Disabilities Treaty Committee in the Crosshairs (LawProf to the Rescue)
Very interesting hearing yesterday before the Senate Foreign Relations Committee on the UN Convention on the Rights of Persons with Disabilities. C-Span video here.
Treaty opponents are focused on the associated Committee on the Rights of Persons with Disabilities (charged with considering state-party compliance) and the risk of evolving treaty meanings. It’s perfect terrain on which to transpose longstanding anxieties regarding activist judges onto even more freighted, counter-majoritarian-challenged international institutions. In yesterday’s hearing, treaty opponents pushed the line that the committee would end up interpreting the the CRPD, for example, to find a right to abortion (and, of course, to prohibit home schooling).
Enter University of Georgia law professor Timothy Meyer. As a witness, Tim offered up a way to switch some votes: beef up an understanding making clear that treaty committee interpretations would have no consequence. In the last attempt at Senate approval, the resolution package included an understanding to the effect that “The United States of America understands that the Committee on the Rights of Persons with Disabilities has no authority to compel actions by states parties, and the United States of America does not consider conclusions, recommendations, or general comments issued by the Committee as constituting customary international law or to be legally binding on the United States in any manner.”
To this, Tim would add:
The United States further understands that the Committee’s interpretations of the Convention are not entitled to any weight apart from that given to them by States Parties to the Convention.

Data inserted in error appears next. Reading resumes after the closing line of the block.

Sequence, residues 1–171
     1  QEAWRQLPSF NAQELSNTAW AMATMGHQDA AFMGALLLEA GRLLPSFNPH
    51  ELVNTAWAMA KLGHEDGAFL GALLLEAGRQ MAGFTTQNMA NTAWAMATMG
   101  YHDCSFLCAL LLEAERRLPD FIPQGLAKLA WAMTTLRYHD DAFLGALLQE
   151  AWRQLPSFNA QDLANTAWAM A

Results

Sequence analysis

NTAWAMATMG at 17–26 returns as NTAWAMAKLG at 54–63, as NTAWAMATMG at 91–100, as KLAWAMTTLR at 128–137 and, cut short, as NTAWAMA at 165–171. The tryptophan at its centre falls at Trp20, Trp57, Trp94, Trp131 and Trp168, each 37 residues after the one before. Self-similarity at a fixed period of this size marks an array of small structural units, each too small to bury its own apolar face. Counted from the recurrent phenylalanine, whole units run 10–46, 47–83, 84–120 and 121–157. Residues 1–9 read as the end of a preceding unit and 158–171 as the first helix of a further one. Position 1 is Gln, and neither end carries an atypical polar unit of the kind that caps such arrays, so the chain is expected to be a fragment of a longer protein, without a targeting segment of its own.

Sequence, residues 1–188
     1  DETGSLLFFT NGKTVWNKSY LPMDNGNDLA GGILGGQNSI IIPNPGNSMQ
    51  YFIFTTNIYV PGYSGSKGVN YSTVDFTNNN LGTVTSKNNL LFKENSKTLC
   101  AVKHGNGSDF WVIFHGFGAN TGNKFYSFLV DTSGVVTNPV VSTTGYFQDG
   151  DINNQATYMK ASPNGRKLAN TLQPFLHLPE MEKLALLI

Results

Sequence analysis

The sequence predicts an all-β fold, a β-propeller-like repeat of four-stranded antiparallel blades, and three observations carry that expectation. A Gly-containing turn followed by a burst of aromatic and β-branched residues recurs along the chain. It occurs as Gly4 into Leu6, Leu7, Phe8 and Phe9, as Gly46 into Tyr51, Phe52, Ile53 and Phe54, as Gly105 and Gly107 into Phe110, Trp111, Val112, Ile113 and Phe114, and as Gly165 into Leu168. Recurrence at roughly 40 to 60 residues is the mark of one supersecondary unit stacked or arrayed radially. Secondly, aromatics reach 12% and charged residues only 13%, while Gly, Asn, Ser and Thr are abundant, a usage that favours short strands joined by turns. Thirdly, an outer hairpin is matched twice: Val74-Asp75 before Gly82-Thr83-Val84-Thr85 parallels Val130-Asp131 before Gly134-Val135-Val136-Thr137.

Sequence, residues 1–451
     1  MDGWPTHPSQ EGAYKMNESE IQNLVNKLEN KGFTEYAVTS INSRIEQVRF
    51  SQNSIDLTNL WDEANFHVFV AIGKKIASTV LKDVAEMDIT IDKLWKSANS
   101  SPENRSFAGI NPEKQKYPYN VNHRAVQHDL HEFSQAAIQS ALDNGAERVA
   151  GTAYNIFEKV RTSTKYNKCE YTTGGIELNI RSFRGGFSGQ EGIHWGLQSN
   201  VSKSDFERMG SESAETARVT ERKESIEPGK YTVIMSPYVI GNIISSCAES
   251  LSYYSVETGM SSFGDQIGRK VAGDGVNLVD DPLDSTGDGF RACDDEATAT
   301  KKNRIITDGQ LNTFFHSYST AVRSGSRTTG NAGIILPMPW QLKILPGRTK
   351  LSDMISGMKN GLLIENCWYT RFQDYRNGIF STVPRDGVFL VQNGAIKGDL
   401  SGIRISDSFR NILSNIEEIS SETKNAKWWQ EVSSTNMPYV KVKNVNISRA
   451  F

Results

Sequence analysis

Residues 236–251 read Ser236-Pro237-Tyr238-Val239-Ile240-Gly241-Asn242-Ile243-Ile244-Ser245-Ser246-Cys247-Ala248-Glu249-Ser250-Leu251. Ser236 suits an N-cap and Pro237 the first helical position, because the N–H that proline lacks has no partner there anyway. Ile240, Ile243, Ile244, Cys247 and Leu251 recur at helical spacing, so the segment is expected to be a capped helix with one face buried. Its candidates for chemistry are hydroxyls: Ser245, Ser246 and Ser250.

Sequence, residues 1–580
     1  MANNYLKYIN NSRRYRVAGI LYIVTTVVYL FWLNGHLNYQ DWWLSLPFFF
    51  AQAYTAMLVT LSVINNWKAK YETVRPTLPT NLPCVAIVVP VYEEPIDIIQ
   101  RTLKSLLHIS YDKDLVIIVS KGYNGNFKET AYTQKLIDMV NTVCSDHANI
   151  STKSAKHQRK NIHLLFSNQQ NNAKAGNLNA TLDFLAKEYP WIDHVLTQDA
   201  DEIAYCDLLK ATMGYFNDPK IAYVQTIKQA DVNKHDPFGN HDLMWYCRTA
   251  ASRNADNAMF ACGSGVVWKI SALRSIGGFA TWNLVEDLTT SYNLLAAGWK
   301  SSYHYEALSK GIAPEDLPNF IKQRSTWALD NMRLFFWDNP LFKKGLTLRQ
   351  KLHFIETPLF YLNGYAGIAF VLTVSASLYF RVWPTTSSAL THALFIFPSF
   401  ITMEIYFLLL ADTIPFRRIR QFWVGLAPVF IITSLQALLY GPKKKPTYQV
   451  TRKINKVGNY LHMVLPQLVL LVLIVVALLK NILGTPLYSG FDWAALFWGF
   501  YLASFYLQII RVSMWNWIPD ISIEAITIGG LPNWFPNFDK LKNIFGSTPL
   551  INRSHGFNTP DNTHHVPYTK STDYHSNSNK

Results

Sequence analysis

Moreover, the United States understands that no interpretation of the obligations of the Convention issued by the Committee or any other international institution can have binding legal effect with regard to the United States unless the United States consents to such an interpretation in accordance with its constitutionally required procedures.
Who knows, maybe this is the path to ratification. Ranking member Bob Corker seemed to be buying, and there was an unusually high level of genuine engagement with Tim as a witness (another way of saying that he was very effective). He urged Tim to work with treaty foes Michael Farris and Susan Yoshihara to work out a RUDs package that “fully inoculates” the US from the parade of putative CRPD horribles. (All very well for US ratification purposes, but would seem to invite international hackles that US RUDs are getting even more inconsistent with the objects and purposes of the treaty.)
The hearing is worth a background listen. A number of (misplaced) allusions from treaty skeptics to the Bond argument taking place across the street at the Supreme Court, of the “fool me once, shame on you, fool me twice, shame on me” variety (see, for instance, Jeff Flake at 1:34, persuasively rebutted by Dick Durbin at 1:42). Supporters stressed how acceding to the treaty would bolster US leadership globally on disability rights (and how it would incidentally benefit disabled Americans travelling abroad). The overriding concern was with insuring with triple redundancy that the treaty could never force the US to change its way of doing things — as if the US can sustain some sort of splendid isolation from international law.